High-Use Running Backs Before After Change
Rushes 169.19 126.64 -42.55
Rushing NEP per Carry 0.01 -0.05 -0.06
Success Rate 31.95% 33.80% +1.86%

The per-play rushing value change is backed up by looking at these former high-usage runners only, but here we also see a significant decline in average carries per season, in the order of a 25 percent loss of work in the years after injury.

It is worth noting, too, that 11 of the 49 running backs since 2000 who suffered these injuries had more than one such severe injury -- 22.45 percent of the sample. While this is obviously not an overwhelmingly large percentage, it is significant, and studies have shown that injuries to soft tissues increase the likelihood of both repeat injuries or compensation injuries.

While these results clearly don’t show a night-and-day change from before a running back’s injury to after, there are hints here that seem to suggest there is a value decline and workload in the years following a major injury.


Minnesota Vikings running back Adrian Peterson sustained a simultaneous ACL and MCL tear at the end of the 2011 season and promptly came close to breaking the single-season rushing record right away in 2012. Foster is returning to action nine months removed from both a groin tear and Achilles’ rupture.

We football spectators almost expect this accelerated timetable these days, though it’s fairly clear that backs such as Peterson and Foster are the exceptions and not the rules. The average time for a return after an ACL or MCL tear (knee ligaments) is about seven to nine months, and a full return to pre-injury form -- if ever possible -- can take almost two years. For an Achilles’ rupture, the average return to NFL action is 11 months.

As we’ve seen knee injuries become ever more prevalent in the NFL, surgeries have gotten better and better to help repair them and rehabilitate players quickly. Los Angeles Rams running back Todd Gurley tore his ACL before he played a down of NFL football, and he’s still a star.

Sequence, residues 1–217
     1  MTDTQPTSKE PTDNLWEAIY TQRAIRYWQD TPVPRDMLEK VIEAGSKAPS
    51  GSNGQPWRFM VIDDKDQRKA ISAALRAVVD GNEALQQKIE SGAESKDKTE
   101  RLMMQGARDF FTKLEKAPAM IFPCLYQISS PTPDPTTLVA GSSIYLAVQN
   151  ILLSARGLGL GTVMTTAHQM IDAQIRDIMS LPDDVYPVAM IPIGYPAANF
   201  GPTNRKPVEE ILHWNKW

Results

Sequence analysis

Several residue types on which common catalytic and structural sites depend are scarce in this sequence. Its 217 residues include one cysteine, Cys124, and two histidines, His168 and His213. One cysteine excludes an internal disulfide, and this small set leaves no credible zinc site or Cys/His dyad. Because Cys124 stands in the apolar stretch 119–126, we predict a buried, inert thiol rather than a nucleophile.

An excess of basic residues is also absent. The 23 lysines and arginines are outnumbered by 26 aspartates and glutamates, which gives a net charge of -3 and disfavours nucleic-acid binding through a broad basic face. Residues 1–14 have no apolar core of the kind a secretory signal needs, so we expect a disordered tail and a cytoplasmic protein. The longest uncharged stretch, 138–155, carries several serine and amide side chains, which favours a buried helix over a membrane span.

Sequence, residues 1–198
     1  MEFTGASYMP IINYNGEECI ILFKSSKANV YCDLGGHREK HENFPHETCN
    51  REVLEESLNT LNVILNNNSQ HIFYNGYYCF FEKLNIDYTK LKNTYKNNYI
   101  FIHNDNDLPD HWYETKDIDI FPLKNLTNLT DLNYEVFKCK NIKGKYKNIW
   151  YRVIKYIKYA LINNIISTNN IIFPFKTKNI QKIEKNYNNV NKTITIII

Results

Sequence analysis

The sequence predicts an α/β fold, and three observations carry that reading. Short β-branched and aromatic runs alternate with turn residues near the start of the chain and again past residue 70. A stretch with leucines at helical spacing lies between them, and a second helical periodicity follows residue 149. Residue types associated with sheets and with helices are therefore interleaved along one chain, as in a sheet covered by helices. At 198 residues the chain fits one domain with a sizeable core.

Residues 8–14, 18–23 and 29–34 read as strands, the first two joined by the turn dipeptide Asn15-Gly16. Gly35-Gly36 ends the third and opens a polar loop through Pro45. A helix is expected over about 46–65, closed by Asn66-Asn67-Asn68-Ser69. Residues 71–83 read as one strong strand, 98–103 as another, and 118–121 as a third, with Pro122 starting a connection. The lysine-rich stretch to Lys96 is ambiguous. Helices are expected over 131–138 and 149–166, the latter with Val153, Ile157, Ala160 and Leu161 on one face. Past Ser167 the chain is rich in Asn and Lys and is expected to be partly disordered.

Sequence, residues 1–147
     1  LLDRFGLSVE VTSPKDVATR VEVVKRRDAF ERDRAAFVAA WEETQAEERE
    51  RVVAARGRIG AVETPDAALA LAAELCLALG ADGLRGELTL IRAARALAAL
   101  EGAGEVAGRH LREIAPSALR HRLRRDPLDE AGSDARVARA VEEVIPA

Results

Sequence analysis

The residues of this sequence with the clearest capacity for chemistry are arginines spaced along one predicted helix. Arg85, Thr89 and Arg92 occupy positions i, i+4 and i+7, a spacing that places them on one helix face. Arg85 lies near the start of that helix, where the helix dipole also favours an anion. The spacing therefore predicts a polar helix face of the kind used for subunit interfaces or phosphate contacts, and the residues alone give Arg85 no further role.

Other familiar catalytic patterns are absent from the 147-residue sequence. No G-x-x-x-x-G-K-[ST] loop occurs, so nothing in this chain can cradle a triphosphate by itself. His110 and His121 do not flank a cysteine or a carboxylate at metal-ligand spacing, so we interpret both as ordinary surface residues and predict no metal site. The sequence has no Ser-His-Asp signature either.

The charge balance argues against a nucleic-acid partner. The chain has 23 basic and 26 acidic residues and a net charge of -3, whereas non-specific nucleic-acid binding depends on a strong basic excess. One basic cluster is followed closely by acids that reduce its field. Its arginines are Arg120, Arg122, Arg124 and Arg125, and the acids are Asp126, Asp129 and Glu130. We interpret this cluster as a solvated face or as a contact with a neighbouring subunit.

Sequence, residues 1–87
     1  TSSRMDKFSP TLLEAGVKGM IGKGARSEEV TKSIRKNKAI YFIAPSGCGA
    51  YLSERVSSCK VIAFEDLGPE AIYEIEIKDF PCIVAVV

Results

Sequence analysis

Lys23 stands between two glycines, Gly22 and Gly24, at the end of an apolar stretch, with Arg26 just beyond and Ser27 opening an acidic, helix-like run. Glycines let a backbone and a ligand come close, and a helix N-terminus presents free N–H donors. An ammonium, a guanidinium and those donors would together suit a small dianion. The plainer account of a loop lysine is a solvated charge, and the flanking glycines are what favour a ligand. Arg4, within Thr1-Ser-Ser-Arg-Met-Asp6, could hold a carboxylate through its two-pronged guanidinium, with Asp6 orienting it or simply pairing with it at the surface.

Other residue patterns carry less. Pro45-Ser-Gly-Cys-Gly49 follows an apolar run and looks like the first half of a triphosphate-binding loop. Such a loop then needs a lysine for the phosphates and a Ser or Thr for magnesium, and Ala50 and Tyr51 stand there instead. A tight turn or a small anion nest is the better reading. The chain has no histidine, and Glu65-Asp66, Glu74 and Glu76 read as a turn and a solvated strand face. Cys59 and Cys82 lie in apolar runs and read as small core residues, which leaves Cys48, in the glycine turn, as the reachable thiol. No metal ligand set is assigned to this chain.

However, studies have shown that no running back -- Mikel Leshoure and Kendall Hunter both come to mind -- has ever fully recovered from an Achilles’ tear.

Does the data bear this out? The table below shows the before-and-after changes in value for each injury type, on average, as well as the average years played after suffering such an injury.

Injury Type Rushes Rushing NEP per Carry Success Rate Years After
Knee -5.40 -0.07 +1.10% 3.19
Achilles’ -48.67 -0.18 -7.37% 2.00
Fractures -87.61 -0.11 -5.54% 2.33
Patellar -57.80 -0.07 -1.95% 4.00

When we break the injuries apart by subtype, knee injuries (ACL, MCL, PCL, etc.) are actually the least severe of all injuries these days, in almost every way. There are so many instances of successful knee ligament surgeries today that it’s not unlikely a running back returns to form easily after this kind of injury.

The worst kind of injury for a running back, in terms of average value diminishment, is the Achilles’ rupture. These injuries suffer the largest drops in Rushing NEP per attempt and Rushing Success Rate, as well as the lowest average years playing after suffering the injury.

It’s true, there is a only small sample size of Achilles’ ruptures in the last 15 years, but the results have been devastatingly bad for those players. Vick Ballard hasn’t registered a carry since rupturing his Achilles’ tendon in 2014, and while Ryan Williams registered 58 carries the season after tearing his, he sustained an impossibly bad -0.33 Rushing NEP per attempt over those carries.

Players’ bodies are different, and their mindsets during recovery are different, so there’s always a chance players like these rebound.

According to history, though, it’s a slim margin. Be patient with them -- you might strain something if you're not careful.